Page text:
In this Kenyan park, a hint of Hades. Hell's Gate is known for spewing jets of steam, bubbling mud, and teeming wildlife
Nairobi, Kenya — The weathered signpost bears a somewhat unexpected inscription: Hell's Gate, a name seemingly more suited to the American Wild West than the Kenyan outback. But here in this East African country it fits well. Here, too, there is a history of frontier romanticism. The first white settlers at the beginning of this century sported 10-gallon hats, pistols in their belts, and struggled to pioneer what they regarded as a new, fertile, and largely empty land.
Hell's Gate, known as ol'butot by the Masai herdsmen who have traditionally roamed this wild savanna region, is in fact a cleft in steep ocher cliffs leading through thick bush to an isolated, arena-like canyon. The first Europeans reached here in 1883, notably the German naturalist G. A. Fischer, followed a few months later by the Scottish explorer Joseph Thomson.
It was probably some later wit, an early British settler perhaps, who nicknamed the gorge after its abundant thermal activity. Spewing sulphuric jets of steam and bubbling mud from cracks in the ground, the array of hot springs lends the depths of the canyon an atmosphere suggestive (to anyone with a bit of imagination) of Hades.
But the location is hardly as inhospitable as it sounds. Last year, the Kenyan government proclaimed it a national park, but only after much pressure from conservationists, both at home and abroad. Not yet officially opened, its facilities are being privately funded by the Elsa Trust founded by naturalist Joy Adamson and other voluntary efforts. The idea is to turn it into a ``walking park.''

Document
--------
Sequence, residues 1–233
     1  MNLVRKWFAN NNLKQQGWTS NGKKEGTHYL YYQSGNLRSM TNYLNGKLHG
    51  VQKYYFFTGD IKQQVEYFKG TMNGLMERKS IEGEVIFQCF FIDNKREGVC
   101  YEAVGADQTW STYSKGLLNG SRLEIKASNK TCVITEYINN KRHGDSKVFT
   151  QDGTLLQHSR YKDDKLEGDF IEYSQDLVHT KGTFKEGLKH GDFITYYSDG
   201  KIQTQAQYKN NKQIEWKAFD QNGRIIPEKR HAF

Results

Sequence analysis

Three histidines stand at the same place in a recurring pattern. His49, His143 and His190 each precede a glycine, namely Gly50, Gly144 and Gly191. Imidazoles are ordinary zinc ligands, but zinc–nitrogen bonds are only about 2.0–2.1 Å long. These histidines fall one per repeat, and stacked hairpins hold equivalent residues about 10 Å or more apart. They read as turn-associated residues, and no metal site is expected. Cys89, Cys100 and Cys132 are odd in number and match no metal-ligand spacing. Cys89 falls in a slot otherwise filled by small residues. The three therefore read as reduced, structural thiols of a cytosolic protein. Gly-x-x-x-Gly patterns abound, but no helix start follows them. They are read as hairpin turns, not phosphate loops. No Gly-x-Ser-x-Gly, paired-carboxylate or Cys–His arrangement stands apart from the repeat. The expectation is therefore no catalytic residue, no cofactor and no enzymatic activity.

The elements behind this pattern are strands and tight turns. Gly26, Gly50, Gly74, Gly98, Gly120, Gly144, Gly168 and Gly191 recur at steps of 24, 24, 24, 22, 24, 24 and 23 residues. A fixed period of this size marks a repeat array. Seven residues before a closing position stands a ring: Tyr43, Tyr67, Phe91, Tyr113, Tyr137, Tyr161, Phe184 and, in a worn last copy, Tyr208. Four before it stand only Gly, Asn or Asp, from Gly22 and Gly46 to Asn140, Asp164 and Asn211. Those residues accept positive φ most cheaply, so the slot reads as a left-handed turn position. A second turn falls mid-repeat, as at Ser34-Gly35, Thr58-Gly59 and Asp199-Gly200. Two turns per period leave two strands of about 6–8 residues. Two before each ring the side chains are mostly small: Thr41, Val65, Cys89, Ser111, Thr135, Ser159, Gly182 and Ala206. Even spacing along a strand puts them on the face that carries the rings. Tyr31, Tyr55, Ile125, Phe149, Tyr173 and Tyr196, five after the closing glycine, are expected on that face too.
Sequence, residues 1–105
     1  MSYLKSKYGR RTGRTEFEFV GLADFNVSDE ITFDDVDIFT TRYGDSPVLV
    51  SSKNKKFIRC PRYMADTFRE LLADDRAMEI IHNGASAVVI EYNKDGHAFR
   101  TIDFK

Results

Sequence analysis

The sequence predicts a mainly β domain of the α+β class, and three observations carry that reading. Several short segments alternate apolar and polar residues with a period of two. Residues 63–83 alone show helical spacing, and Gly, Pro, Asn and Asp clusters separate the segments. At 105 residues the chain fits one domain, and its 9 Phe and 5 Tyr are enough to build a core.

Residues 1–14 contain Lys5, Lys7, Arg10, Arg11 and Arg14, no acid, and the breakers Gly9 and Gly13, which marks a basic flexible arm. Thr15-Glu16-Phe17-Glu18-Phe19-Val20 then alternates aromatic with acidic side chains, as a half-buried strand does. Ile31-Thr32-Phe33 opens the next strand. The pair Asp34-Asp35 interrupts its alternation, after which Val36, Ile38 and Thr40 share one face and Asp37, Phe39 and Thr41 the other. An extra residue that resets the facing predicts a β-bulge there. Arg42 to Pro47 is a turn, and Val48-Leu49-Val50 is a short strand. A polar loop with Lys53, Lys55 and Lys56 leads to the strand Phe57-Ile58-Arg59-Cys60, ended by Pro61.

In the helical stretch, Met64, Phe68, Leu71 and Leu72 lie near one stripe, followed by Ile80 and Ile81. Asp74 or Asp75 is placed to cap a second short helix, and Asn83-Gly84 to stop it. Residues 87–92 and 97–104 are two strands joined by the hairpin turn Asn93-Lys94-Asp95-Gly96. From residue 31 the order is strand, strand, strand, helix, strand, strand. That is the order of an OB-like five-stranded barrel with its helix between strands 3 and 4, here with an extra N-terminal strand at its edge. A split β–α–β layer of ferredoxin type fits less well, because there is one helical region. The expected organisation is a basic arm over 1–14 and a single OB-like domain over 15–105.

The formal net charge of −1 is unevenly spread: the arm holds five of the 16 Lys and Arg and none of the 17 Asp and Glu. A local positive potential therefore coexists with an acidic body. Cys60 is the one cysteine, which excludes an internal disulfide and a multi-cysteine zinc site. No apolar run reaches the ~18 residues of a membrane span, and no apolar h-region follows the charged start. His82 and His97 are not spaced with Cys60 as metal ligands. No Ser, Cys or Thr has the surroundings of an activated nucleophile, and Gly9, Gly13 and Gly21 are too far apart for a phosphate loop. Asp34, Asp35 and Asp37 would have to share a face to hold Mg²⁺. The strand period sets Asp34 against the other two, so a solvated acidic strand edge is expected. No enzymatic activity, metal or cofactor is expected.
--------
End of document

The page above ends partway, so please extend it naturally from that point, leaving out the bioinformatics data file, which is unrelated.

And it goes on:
``This was the best thing that could happen,'' said Mervyn Carnelly, a former policeman and farmer who knows the region better than most. His family used to own 6,000 acres around Hell's Gate, but he now lives in retirement, running a fishing camp that overlooks Lake Naivasha. ``If they were to do crops in that place during a bad year, a drought year, it would turn into a dustbowl. Besides, there are more animals in the park than ever before.''
A sparse region of natural beauty, Hell's Gate runs west of the ancient lava flows of Mount Longonot, a 9,111-foot-high extinct volcano dominating Lake Naivasha and the Rift Valley. Combined with Longonot and Naivasha, the region forms a unique sanctuary for bird and animal life. It has been a longtime favorite of hikers, rock climbers, and nature lovers.
The cliffs of Hell's Gate, for example, are the breeding ground for vultures, in particular the rare lammergeier, or bearded vulture, which has a wingspan second only to the Andean condor. The lakeshore itself is rich in birdlife -- pelicans, grebe, goliath herons, and open-billed storks.
To reach the park takes less than two hours by car from Nairobi. But the road around the lake, one of the most traveled in the country, has been badly neglected. Lack of maintenance has allowed it to deteriorate to the point that it is now regarded as one of the toughest sections of the East African safari ralley.
A uniformed ranger with stiff black walking boots -- James -- was waiting for us at the park entrance at nine in the morning. We immediately set off by foot down the main dirt track toward the hot springs.
Scattered groups of kongoni, Thomson gazelle, eland, and zebras grazed only a few hundred yards away.
Formerly a member of the antipoaching unit at Garissa, near the Somali border, James carries a whip made out of hippo hide as his only weapon. This, he explains, is very effective against Masai caught grazing their cattle in protected areas, a restriction the Masai resent.